The roots of the AACA were first formed on February 18,1983 at JFK International Airport in New York City when 18 surgeons and anatomists gathered to create a better forum for discussion between clinicians who practice the application of anatomy and those who study and teach anatomy.  The impetus for the meeting was raised by Ralph Ger, M.D., who, a few months earlier, had visited a meeting of the British Association of Clinical Anatomists (BACA), which was founded in 1977.  There was concern on both sides of the Atlantic that the reduction in time for the study of anatomy in the crowded medical curriculum might have a negative effect on training for clinical practice.  At the New York meeting, the American group elected officers to guide the formation of the AACA and recruit members.  These included: Oliver Beahrs, M.D., president, Stephen Gray, Ph.D. secretary/treasurer, and four councilors, Sidney Black, M.D., R Ger, M.D., Paul Jones, Ph.D., and John Skandalakis, M.D., Ph.D.  Over the next few months, additional members were recruited and bylaws and a constitution were circulated.  With 64 interested members, a second organizational meeting was held in Atlanta in October concurrent with the meeting of the American College of Surgeons.

In Atlanta, the constitution and bylaws were adopted on October 17, 1983, and the AACA was officially established "to advance the field of clinical anatomy by encouraging research and publication and by promoting high standards of anatomic instruction." It was decided to hold the first annual meeting at the Mayo Clinic in May, 1984, and Don Cahill, Ph.D., was appointed Local Arrangements Chair.  It was also decided to extend founding membership to December 31, 1983, when 88 members were enrolled, with about 60% being clinicians and 40% basic scientists.

Seventy-seven members attended the first annual meeting of AACA held May 17-19, 1984 in Rochester, MN, where it was decided that meeting abstracts would be published in The American Surgeon, AACA having not yet established an official journal.  W. Henry Hollinshead, Ph.D. was recognized as the first "Honored Member," a tradition that continues at each annual meeting.  The first officers as per constitutional designation were also elected:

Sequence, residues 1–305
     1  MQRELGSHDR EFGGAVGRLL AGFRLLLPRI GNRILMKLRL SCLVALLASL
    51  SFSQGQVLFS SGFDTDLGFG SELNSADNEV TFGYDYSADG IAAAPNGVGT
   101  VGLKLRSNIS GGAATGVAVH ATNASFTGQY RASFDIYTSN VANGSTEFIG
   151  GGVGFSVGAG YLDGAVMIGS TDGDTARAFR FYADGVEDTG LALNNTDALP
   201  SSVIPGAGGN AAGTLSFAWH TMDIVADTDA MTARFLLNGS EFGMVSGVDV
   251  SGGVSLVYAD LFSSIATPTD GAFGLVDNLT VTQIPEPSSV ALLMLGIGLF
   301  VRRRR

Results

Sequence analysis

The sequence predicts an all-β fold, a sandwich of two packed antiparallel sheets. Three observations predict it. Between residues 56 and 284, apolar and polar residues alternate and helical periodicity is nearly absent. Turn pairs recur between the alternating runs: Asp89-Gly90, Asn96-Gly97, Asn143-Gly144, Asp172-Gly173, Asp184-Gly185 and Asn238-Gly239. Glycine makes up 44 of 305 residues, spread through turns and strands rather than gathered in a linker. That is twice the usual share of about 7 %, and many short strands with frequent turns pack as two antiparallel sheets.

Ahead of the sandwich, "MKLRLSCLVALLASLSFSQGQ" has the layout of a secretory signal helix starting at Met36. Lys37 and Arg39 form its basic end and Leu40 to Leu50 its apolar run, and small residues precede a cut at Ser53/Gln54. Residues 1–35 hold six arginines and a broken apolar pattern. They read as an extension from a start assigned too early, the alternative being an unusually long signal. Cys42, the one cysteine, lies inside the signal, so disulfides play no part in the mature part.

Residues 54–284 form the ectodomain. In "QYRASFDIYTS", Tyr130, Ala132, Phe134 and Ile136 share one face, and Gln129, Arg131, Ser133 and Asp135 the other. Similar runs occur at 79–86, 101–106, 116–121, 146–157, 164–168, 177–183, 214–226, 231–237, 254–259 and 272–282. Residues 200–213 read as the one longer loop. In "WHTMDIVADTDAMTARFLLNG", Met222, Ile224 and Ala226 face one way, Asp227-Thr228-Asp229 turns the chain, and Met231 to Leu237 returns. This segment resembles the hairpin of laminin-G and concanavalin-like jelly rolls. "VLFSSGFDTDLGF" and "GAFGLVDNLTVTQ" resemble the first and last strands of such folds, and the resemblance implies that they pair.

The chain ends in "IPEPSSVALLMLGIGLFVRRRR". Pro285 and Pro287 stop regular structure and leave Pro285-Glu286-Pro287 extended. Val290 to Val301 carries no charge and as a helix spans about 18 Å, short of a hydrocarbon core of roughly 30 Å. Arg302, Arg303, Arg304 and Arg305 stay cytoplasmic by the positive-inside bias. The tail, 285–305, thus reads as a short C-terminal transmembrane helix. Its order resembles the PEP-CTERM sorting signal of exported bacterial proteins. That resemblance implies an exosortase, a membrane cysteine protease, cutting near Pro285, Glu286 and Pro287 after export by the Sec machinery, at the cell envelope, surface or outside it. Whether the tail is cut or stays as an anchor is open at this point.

Oliver H. Beahrs, M.D., President
Ralph Ger, M.D., President-Elect
Robert A. Chase, M.D., Vice President
Stephen W. Gray, Ph.D., Secretary/Treasurer

Ralph Ger, M.D.
Donald R. Cahill, Ph.D.
John E. Skandalakis, M.D., Ph.D.
Sidney Black, M.D.

Since its founding, the AACA has grown in tradition, scope, and membership.  Dr. Alan Green, representing BACA, attended the second annual meeting of the AACA in Omaha in 1985, and presented the association with the Presidential Medal as a gift from our sister organization in anatomy.  The medal is engraved with the head of William Hunter and is worn by the current AACA president at the annual meeting.  A postgraduate course, offered by Drs. Ger and Cahill on the Surgical Anatomy of the Pelvis, was held immediately following the third annual meeting, at the Mayo Clinic.  Postgraduate courses are now offered immediately following each annual meeting.  Membership had grown to 283 by the time of the third meeting.  At the fourth annual meeting in Toronto, 1987, the membership decided to discontinue publication of meeting abstracts in The American Surgeon and to join with BACA to establish a new journal, Clinical Anatomy, for the organizations.  Negotiations to create a journal were conducted by Drs. Ralph Ger, Don Cahill, and Keith Moore with the publishing house of Alan R. Liss, Inc.  The first issue of Clinical Anatomy  appeared in May 1988, just before the fifth annual meeting.  The first editors were Ralph Ger, M.D., representing AACA, and Ray Scothorne, M.D., representing BACA.  Today, Clinical Anatomy has earned an international reputation for human anatomy with clinical relevance, and the AACA annual meeting draws attendees from six different continents. 

Those who are interested  in more detailed discussion of the history of the AACA are referred to the following articles:

Dawson, D.L., 1988.  The American Association of Clinical Anatomists: The Beginning and First Five Years.  Clin. Anat. 1:237-253.

Dalley, A.R., 1999.  The American Association of Clinical Anatomists (AACA): The Other American Anatomy Association.  Anat. Rec (New Anat). 257:154-156.

Ger, R., 2004.  The American Association of Clinical Anatomists from 1983-2003: Refelections of a Founding Member.  Clin.Anat. 17:451-453.